By guest author Tony Scott
From Intel to Outsourcing
Tony Scott: Before we talk about where you are today, can you tell me a little about how you came to found Sierra Atlantic?
Raju Reddy: Sure. I spent about ten years at Intel in a variety of engineering and marketing management roles before I started Sierra Atlantic. My background is engineering, and I later moved into marketing. I helped to start marketing programs for the first generation of Pentium processors.
While at Intel, I had managed an outsourcing relationship with Wipro around product development. Intel was one of Wipro’s first Fortune 100 customers. The kind of work Wipro was doing then really led this wave of outsourcing that we see now. At the time Wipro was about a $20 million company. Out of that, probably nineteen and a half million was in the domestic Indian market selling computer software. Off-shoring was really in its infancy.
Before the Pentium came out at Intel, I thought to myself that if Wipro can do this, I can do the same. So, ultimately in 1993 I left Intel and started Sierra Atlantic. I had helped some of the other Indian companies start up business between the United States and India through my involvement with a nonprofit organization, the Council on International and Public Affairs (CIPA). CIPA promoted business between India and the United States. I don’t know if you have heard of an organization called The Indus Entrepreneurs (TiE)?
Tony: Yes, I know it very well.
Raju: CIPA was very much a precursor to TiE. I was an early charter member for TiE here in Silicon Valley, and one of my board members and mentors, Kanwal Rekhi, is the chairman emeritus for TiE and one of its founders.
Tony: So what was did you think would be your point of differentiation for Sierra Atlantic compared to other outsourcers in India?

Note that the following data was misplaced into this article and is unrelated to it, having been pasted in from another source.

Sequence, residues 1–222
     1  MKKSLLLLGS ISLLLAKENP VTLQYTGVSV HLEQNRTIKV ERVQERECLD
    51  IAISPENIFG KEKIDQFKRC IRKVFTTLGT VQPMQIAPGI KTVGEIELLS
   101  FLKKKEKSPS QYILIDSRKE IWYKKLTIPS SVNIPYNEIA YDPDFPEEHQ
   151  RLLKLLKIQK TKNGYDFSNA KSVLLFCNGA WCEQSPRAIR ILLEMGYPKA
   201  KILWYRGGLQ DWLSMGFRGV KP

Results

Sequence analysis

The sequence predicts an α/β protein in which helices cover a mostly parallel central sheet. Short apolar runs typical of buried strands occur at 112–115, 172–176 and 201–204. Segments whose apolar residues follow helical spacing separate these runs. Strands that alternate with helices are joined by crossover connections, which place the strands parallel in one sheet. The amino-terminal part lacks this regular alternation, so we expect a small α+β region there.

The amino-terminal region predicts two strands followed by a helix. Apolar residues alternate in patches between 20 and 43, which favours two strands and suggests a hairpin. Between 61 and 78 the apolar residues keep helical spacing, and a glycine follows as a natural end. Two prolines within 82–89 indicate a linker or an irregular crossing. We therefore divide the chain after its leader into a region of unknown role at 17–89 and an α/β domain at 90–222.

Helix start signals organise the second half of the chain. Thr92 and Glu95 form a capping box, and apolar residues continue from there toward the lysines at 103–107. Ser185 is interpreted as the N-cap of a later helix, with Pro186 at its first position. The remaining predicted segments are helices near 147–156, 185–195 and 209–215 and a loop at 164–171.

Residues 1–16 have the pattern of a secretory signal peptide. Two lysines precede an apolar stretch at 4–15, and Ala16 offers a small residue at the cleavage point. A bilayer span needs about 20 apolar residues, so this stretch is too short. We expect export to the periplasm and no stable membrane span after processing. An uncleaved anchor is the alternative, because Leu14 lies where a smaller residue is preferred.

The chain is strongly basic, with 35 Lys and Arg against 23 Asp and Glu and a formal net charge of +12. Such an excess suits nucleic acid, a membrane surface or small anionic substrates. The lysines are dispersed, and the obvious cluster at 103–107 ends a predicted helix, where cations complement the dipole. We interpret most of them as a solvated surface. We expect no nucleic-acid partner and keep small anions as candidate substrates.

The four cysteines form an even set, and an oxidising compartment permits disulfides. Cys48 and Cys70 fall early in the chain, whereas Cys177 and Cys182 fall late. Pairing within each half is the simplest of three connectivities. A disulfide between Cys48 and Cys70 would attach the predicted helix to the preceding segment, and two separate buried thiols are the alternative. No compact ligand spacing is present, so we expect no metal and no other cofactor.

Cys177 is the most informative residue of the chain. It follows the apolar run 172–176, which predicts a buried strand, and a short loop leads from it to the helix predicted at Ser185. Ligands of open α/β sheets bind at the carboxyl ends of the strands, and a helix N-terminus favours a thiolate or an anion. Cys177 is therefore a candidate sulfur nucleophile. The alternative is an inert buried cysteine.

Raju: From inception we had a strong emphasis on building intellectual property (IP) that we could use as a differentiator. Throughout our history that’s been a core strategy. Some years that works out in that it pays great dividends, and some years it is more of an investment, just like anything else over a fifteen-year period. But overall, the fact that it continues to be a significant part of our strategy and core element of our approach suggests that it’s worked out very well. I think this relates back to one of your themes of how do companies differentiate.
Tony: How did you go about building Sierra Atlantic – did you have any outside funding?
Raju: From 1993 to 1999 Sierra Atlantic was bootstrapped, and I tell my people there is a benefit to being undercapitalized in the early stages. [Laughs.] It teaches you some good habits and teaches you to focus sharply on the customers. If you do that, you know you are really delivering value.
In 1999, we raised venture money. Kanwal – the guy who started TiE – was my mentor and a board member. He would say that you can’t launch a rocket unless you burn enough fuel, and so that’s when we went out for outside funding. It was a great time to raise venture money. We raised $17 million, and that’s the last time we raised any capital. We have made three acquisitions since then and built a campus. We’ve probably invested about $30 million over the past four years just in acquisitions and infrastructure, and we did all this without having to raise any additional capital.
We like to think we have been fairly capital efficient, and we feel that we are also one of the emerging best-in-class services companies. Today we have about 2,000 employees, with about 1,500 in India, about 250 or 270 in China, and the rest in North America, Europe, the Middle East, and Southeast Asia.